funeral parade of roses
funeral parade of roses

The Massively Influential Film ‘Funeral Parade of Roses’ Takes a Look at the ’60s Tokyo Drag Scene

In sad news for film buffs, the Japanese director and video artist Toshio Matsumoto died April 12 in Tokyo. He was 85, and passed away due to an intestinal obstruction. He made a number of short films, but only four features. But one of those features, Funeral Parade of Roses, went on to influence Stanley Kubrick’s A Clockwork Orange among others — all while re-inventing cinema at the same time.

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Funeral Parade of Roses is a retelling of the classic Oedipus Rex story about a Greek king who sleeps with his mother and kills his father. What makes it interesting, however, is Matsumoto’s decision to set the story in the Tokyo drag scene — and intercut the narrative with documentary segments about both the drag scene and the making of Funeral Parade of Roses itself.

funeral parade of roses poster
The original Japanese poster

The film stars the Japanese drag star Peter as Eddie, one of the scene’s most popular drag queens. We follow him and his friends as they go through life — though Eddie’s haunted by his childhood, and a mysterious picture of his father with the face burned out. If you know the original myth, you can more or less guess the rest of the story — but the film is as much a snapshot of late ’60s queer Tokyo as it is a story.

Matsumoto’s work is known by its visual experimentation and Funeral Parade of Roses is no exception. Beyond blurring the lines between fiction and documentary, Matsumoto also includes collage, different methods of processing the film — and in one of our favorite scenes, the art of fumetti, or comics made with photos.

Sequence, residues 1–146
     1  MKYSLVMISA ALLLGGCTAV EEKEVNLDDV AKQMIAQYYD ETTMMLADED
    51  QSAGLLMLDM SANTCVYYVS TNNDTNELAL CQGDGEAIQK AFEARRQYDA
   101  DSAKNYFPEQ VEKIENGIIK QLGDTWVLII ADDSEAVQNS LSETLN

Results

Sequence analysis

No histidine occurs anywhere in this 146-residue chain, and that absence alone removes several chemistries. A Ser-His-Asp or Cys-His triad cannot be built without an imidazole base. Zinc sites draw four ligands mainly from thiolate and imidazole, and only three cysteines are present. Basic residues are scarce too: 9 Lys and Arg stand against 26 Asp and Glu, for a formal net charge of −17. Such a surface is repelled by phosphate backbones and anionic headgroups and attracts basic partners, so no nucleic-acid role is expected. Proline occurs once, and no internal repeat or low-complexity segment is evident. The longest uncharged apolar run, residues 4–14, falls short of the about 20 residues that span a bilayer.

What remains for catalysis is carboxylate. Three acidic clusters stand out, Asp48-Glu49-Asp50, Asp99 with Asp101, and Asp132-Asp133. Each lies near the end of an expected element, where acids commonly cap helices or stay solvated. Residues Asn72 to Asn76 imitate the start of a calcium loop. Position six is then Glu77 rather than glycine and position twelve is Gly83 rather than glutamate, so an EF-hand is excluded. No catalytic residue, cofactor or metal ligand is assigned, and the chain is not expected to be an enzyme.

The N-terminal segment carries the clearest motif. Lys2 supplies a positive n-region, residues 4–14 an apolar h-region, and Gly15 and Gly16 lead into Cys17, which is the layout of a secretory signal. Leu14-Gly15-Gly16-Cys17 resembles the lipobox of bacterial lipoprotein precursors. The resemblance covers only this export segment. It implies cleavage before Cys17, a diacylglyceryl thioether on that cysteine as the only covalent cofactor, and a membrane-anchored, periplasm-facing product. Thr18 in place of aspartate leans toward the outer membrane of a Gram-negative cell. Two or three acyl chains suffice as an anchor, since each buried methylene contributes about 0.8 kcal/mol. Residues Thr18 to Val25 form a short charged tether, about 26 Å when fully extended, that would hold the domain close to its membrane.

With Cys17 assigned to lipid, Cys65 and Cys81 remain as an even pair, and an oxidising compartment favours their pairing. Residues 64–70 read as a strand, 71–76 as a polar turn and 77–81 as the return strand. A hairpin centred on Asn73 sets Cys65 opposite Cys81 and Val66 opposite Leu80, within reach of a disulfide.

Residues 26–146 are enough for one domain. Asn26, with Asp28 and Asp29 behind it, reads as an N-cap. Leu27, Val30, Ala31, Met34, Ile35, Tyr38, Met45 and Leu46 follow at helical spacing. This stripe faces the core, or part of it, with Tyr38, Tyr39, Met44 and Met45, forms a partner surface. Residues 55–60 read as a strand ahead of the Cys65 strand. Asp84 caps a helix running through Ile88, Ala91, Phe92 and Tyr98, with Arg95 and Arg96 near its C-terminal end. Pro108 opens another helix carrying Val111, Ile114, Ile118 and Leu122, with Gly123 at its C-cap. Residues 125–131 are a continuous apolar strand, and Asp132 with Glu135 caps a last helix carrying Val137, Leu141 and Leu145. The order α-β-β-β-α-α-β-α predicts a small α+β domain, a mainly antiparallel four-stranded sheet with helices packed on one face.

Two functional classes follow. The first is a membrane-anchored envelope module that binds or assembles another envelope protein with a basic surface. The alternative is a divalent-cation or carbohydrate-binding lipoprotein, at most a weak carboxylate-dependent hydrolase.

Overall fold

Fans of gay manga might also notice a pun in the original Japanese title, Bara no soretsu. While bara means “rose” in English, it’s also the term used for gay men — sort of like “pansy” in English; like “pansy,” many gay men see “bara” as a slur. But in the ’60s and ’70s, Japanese gay culture worked to reclaim the word — even if by the ’90s, the term was seen as outdated.

If you can’t wait to get a taste of what this film is like, however, Ubuweb has posted all of Matsumoto’s short films, including For My Crushed Right EyeFor My Crushed Right Eye is a short film later incorporated into Funeral Parade of Roses — though the original was meant to be run on three projectors running at the same time with drifting synchronization.

Funeral Parade of Roses is sadly hard to find in the United States. However, Masters of Cinema released an outstanding DVD of it in the United Kingdom with a subtitled commentary track by the director. Likewise, the film is available in Japan as part of a Toshio Matsumoto boxset collecting all his features, Demons (Shura), War at the Age of Sixteen (Juuroku-sai no Sensou) and Dogura Magura. In the Japanese set, all but War include English-language subtitles.

Thankfully, there’s a campaign to get the Criterion Collection to release the film — so if you want to see Funeral Parade of Roses in the United States legally without relying on expensive imports, shoot Criterion an email requesting it. Seriously — Funeral Parade of Roses deserves to be seen, and an important film like this deserves to be in the Criterion Collection.

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